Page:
Click here to read reviewer Michael Leonard's take on The Book of You.
Reality is layered with the dark mythology of fairy tales in this novel of erotic obsession inspired by Samuel Richardson’s 18th-century novel Clarissa. Kendal blends the prescience of that novel, the inherent message of fairy tales and increasingly violent obsession of Rafe Solmes in his relentless pursuit of Clarissa Bourne. In Bath, Clarissa has become the object of Rafe’s intense desire. An accomplished manipulator, Rafe enters Clarissa’s life with intrusive regularity, his behavior suggesting a growing if unnamable threat as Clarissa finds a temporary escape from his unsolicited attention in a seven-week stint of jury duty in Bristol’s Court 12.
Traveling from Bath to the court every day, Clarissa cannot help but view the trial of a female addict brutally raped and abused by a gang as a metaphor for her own untenable situation. Though the victim, Carlotta Lockyer, is clearly disadvantaged and uneducated in comparison to Clarissa’s situation, the parallels in their circumstances are unavoidable. Each stands at the mercy of others who sit in judgment, their claims subject to scrutiny and disbelief. A romantic with a love of poetry, Clarissa has been emotionally devastated by an affair with a married professor with whom she attempted to get pregnant, in retrospect bearing the guilt of her selfish behavior.
Never remotely attracted to Solmes, a large, plain man who extends an invitation to his book reading once her affair is ended, Clarissa accepts only because of his insistence. Anxious to leave afterwards, she finds it impossible to get rid of the man, who likely has dropped something into the wine he foists upon her, rendering her helpless when he escorts Clarissa home. The memories of that night are hazy and disturbing, visions of sexual violence, her bruised body the only proof of the unpleasant encounter. Since then, Rafe has sworn his love and his unwavering certainty that their passion is shared.
Chapters alternate between diary entries that document Rafe’s aberrant behavior and her attempts to navigate increasingly harrowing episodes when he accosts the object of his passion. As instructed by leaflets for women at risk of domestic abuse, Clarissa saves every letter, every unwanted gift and photograph (the horror of that revelation!), fearful that, like Carlotta in Court 12, she will not be believed: “She was unsure whether Court 12 was helping her or paralyzing her.” Systematically separating Clarissa from her friends, announcing that he is her concerned boyfriend, solicitous in the extreme when others are present, Rafe’s true nature is exposed only when she denies him, a false mask slipping to reveal the ugliness of his rage.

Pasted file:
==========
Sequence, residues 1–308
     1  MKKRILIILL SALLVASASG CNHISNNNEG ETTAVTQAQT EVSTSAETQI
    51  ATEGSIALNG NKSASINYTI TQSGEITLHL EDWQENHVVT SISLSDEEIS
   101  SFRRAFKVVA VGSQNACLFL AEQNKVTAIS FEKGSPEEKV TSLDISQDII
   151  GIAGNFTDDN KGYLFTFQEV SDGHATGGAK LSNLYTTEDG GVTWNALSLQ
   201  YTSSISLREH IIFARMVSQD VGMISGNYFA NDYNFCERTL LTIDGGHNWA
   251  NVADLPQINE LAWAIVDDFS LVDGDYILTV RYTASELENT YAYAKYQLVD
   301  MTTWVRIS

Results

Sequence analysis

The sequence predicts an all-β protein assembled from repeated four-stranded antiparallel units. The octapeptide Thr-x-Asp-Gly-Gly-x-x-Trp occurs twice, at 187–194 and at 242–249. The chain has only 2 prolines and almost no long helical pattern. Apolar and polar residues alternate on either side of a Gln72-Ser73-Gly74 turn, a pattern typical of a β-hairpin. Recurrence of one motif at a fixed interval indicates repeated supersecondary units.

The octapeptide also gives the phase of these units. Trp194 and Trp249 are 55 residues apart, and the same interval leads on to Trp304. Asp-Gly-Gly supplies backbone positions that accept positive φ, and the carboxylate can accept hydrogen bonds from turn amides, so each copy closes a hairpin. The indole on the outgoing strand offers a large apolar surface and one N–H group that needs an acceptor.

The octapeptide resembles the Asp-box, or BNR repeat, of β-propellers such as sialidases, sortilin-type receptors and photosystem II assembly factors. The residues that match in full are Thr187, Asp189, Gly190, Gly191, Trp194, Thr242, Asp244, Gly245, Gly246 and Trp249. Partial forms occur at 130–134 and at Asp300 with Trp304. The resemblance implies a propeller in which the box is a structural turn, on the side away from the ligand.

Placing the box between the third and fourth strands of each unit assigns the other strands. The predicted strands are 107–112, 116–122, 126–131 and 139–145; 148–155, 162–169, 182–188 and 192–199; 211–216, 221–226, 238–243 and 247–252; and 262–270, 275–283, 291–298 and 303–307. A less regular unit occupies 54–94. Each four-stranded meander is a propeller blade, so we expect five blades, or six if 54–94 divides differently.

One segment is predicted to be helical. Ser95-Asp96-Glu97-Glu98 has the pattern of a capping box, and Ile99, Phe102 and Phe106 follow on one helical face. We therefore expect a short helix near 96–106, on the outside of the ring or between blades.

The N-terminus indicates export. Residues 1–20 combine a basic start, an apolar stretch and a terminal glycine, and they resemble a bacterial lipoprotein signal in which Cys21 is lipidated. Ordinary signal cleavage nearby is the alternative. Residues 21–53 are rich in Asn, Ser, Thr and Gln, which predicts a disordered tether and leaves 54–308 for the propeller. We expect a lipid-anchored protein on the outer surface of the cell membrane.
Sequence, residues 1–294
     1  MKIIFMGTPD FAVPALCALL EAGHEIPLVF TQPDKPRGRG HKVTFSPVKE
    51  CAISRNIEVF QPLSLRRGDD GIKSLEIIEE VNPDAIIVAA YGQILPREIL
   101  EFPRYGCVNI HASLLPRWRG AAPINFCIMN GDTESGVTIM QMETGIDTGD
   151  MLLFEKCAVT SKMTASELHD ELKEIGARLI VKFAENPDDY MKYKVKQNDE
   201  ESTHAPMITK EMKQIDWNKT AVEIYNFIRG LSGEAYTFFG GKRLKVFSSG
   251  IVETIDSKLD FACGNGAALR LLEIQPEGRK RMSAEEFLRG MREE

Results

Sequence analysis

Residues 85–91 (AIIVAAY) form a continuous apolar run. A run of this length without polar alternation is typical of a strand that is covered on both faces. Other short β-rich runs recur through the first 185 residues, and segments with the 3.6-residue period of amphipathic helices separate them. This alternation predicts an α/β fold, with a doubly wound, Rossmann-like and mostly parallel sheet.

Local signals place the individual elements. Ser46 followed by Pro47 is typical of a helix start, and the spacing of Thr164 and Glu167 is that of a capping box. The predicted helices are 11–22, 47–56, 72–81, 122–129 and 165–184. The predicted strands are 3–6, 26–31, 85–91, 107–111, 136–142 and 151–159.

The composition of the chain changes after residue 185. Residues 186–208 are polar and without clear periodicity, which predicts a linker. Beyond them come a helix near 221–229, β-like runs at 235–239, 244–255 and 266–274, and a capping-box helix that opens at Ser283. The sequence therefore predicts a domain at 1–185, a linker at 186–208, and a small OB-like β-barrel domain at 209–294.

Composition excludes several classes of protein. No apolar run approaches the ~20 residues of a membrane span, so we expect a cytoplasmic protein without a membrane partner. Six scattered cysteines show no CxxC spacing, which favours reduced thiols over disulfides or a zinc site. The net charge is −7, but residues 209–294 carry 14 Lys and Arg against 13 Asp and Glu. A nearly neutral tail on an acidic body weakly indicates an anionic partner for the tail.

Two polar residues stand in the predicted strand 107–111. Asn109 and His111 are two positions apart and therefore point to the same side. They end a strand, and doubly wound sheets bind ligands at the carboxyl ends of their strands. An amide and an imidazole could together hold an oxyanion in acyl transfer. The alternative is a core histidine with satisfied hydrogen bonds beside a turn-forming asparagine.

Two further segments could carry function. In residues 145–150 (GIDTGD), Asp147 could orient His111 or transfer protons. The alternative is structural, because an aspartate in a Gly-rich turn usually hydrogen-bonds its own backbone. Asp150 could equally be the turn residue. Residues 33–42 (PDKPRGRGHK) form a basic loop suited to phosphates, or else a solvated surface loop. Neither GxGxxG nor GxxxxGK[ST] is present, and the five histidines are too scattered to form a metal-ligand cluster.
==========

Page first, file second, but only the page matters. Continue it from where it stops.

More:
The more he intrudes on her life, the more Clarissa’s thoughts are consumed by Rafe and the endless precautions of avoidance. She finds relief only at the trial, where she has struck up a friendship with Robert, the antithesis of the monster who has usurped her freedom and security. The situation with Rafe is dangerously close to becoming a folie à deux but for the calming influence of Robert, though she is afraid to confide in her new friend and risk losing his respect. Clarissa is the perfect victim: shy, reserved, a woman barely able to utter the details of her ordeal when she approaches the authorities with her evidence. Like a fairy princess, Clarissa is in need of rescue by a chivalrous man.
The tension builds as the end of the trial nears. Clarissa finally goes to the police, a spurned lover claims his innocence, authorities promise protection which is mired in a bureaucracy that creates legal loopholes. Tragic misstep, and a furious Rafe seizes the moment: if Clarissa refuses to belong to him she must die, the latent sexual threat of every fairy tale come to fruition in a moment of life or death. Kendal captures the horror, the helplessness, the stifling fear inherent in such circumstances. Whether cloaked in the lore of fairy tales or exposed in the bloody carnage of a crime scene, life offers too few princes, too many damsels in distress in a society that turns a deaf ear to their pleas for help. The Book of You is cautionary tale certain to cast a chilling pall on contemporary young women taught to believe in the magic of a prince’s kiss.